i feel like he’s a friend of mine
but in terms of what everybody else can understand, i like him because he’s smart and he’s funny and he has a hard time trusting people but he really WANTS to, and sometimes he lets down his guard and he gets burned and he lets himself be wounded
he doesn’t pretend he’s not who he is and he feels things keenly and he doesn’t act like he doesn’t
i like that in a person
in AUT there are two narrators, and one is very emotionally honest and one is emotionally dishonest
or maybe dishonest is the wrong word
she’s more emotionally reticent
i prefer more emotionally honest people
and i like neily because, to me, he’s the ultimate emotionally honest person
me: that isn’t to say i don’t love audrey, of course i do, but for different reasons
me: any more questions?
Katherine: hmmm, how are your two unfinished projects going? are they progressing? either physically or mentally?
me: ha! no
no nothing is getting done right now on any project except AUT
i’ve been working on AUT and MB for so long, I’m interested to see what it’ll feel like to work on a project almost from scratch
that’ll happen in, like, february or something, maybe
honestly i can’t wait
me: me neither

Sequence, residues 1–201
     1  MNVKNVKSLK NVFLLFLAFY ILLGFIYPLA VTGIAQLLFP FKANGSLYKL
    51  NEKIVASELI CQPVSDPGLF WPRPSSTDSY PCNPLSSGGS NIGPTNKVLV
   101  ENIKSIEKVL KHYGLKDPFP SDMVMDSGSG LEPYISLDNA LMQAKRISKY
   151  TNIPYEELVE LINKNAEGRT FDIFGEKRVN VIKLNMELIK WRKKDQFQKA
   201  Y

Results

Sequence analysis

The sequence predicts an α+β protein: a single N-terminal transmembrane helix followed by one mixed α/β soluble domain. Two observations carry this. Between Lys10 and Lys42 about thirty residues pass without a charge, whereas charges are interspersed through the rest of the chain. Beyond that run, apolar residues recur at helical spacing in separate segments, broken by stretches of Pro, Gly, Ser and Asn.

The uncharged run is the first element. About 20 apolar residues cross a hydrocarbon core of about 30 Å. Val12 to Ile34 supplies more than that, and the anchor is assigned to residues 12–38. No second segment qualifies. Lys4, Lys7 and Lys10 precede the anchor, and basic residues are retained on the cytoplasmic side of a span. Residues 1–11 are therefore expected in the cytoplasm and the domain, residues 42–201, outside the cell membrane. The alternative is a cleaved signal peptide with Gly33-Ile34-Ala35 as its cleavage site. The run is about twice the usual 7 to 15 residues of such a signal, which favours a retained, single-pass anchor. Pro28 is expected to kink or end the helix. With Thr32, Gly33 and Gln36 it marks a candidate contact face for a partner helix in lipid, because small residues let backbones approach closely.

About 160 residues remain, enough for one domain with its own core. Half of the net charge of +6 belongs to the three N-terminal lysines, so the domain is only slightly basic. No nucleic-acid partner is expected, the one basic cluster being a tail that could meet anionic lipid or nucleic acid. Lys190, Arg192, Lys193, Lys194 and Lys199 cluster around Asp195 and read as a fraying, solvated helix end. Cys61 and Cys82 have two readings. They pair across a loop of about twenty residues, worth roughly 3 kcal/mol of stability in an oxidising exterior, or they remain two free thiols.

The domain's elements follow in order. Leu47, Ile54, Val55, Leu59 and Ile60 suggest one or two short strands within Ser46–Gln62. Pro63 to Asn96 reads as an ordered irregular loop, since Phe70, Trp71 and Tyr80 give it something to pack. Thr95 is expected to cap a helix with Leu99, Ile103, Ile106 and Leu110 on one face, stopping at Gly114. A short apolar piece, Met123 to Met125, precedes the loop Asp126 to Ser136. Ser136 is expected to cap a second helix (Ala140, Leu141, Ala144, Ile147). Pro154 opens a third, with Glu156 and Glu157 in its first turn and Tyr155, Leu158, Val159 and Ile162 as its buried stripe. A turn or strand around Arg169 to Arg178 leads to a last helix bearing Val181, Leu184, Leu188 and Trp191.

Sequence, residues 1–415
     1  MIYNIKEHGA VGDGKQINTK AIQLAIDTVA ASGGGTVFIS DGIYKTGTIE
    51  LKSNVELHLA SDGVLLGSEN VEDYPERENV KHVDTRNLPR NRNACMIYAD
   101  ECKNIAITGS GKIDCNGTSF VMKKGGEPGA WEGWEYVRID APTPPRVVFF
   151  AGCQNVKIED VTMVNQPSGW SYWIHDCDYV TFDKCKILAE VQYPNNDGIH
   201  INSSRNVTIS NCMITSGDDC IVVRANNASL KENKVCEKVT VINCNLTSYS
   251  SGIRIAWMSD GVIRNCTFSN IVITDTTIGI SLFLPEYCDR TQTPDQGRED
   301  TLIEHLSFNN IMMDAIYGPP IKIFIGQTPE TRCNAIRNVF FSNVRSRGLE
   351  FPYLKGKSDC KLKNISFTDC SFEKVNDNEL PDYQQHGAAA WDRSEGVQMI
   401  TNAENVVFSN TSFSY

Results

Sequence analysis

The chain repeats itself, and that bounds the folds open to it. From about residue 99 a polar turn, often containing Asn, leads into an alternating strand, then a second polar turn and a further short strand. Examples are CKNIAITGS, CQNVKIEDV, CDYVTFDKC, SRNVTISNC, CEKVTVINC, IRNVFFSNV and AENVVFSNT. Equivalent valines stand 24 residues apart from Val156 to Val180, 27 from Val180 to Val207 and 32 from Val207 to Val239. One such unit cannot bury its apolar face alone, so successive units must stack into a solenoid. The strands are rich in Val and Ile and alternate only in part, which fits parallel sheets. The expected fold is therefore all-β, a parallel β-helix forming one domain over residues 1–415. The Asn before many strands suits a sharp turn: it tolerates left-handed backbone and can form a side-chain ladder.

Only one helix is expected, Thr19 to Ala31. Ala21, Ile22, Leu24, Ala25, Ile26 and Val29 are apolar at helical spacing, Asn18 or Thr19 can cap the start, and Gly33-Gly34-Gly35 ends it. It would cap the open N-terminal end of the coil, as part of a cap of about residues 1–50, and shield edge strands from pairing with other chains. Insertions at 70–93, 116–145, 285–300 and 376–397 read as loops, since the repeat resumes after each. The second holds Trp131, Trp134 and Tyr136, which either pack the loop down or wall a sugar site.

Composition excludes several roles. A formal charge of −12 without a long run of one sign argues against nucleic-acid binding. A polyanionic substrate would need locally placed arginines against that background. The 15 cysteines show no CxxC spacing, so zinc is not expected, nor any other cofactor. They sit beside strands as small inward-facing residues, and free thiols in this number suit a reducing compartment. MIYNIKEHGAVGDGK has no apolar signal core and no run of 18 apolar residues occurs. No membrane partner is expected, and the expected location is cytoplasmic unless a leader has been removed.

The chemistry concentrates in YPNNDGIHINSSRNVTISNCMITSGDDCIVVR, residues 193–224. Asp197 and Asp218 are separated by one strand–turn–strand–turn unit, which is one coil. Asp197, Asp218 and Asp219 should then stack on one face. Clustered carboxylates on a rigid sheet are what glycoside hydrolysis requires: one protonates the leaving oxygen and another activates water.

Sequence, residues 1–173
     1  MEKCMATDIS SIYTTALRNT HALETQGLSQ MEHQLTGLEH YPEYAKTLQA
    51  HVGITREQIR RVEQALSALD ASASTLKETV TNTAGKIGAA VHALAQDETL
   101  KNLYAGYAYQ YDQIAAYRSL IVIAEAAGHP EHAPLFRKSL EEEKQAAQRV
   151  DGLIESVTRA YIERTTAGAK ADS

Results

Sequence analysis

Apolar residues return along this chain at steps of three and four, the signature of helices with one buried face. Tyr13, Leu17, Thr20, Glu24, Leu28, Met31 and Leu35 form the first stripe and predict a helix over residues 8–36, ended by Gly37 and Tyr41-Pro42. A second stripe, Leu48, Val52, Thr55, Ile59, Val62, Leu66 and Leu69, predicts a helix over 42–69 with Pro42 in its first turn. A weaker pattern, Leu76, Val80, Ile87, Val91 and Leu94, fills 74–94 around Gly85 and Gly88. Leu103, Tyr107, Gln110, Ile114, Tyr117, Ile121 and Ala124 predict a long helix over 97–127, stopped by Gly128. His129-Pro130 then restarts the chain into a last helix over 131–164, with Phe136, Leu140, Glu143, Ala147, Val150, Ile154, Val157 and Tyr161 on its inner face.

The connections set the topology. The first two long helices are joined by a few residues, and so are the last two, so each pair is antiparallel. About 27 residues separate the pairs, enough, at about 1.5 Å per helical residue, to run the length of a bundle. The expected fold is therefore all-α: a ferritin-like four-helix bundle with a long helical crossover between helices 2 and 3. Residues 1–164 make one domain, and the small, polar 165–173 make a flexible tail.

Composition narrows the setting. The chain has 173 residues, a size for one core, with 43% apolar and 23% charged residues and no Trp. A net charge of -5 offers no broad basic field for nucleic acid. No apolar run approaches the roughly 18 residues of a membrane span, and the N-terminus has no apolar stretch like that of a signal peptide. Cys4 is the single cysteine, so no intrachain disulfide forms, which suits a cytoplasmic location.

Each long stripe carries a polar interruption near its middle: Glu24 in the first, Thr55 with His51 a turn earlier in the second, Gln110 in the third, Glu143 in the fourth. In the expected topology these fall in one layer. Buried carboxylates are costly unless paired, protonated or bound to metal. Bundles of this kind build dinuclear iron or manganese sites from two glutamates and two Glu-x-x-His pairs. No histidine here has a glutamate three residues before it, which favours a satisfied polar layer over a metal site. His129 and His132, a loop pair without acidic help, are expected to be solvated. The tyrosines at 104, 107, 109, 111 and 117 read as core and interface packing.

i have no idea what they’re about!
that’s a lie, i do, but i don’t have synopses for either of them
me: and i haven’t even decided which i’m going to work on first
i guess maybe joanna will have a say in that
Katherine: do you think it will make the writing process different from beginning to end having joanna around ?
me: i’m not sure actually
i mean, technically i wrote MB while i was agented
and it didn’t really change my process
except that i had someone to immediately give me feedback
but it probably will be a little different because I knew MB was going to be my next project
me: and I had some leeway because we hadn’t sold anything at the time, and now we have and I think Random House gets first dibs on my next project
like, they get first look before we shop it around anyplace else
so probably what will happen is when i’m done with AUT and MB, I will write up proposals for both books and then joanna and i will have a discussion about which to submit, in what order or together, etc.
so i take it back, it’ll be totally different
okay well i think that’s it, really
thanks for doing this katie
me: it was super fun
i think we should do another one ages from now when AUT comes out
me: your questions weren’t lame at all
yeah we should
and then we can be all, “retrospective!”
Posted on December 4th, 2008 by Anna Jarzab
I just got an email from my friend Katie, who I sometimes mention on this blog, NOT THAT SHE EVER LEAVES COMMENTS OR ANYTHING I MEAN REALLY. It went a little something like this: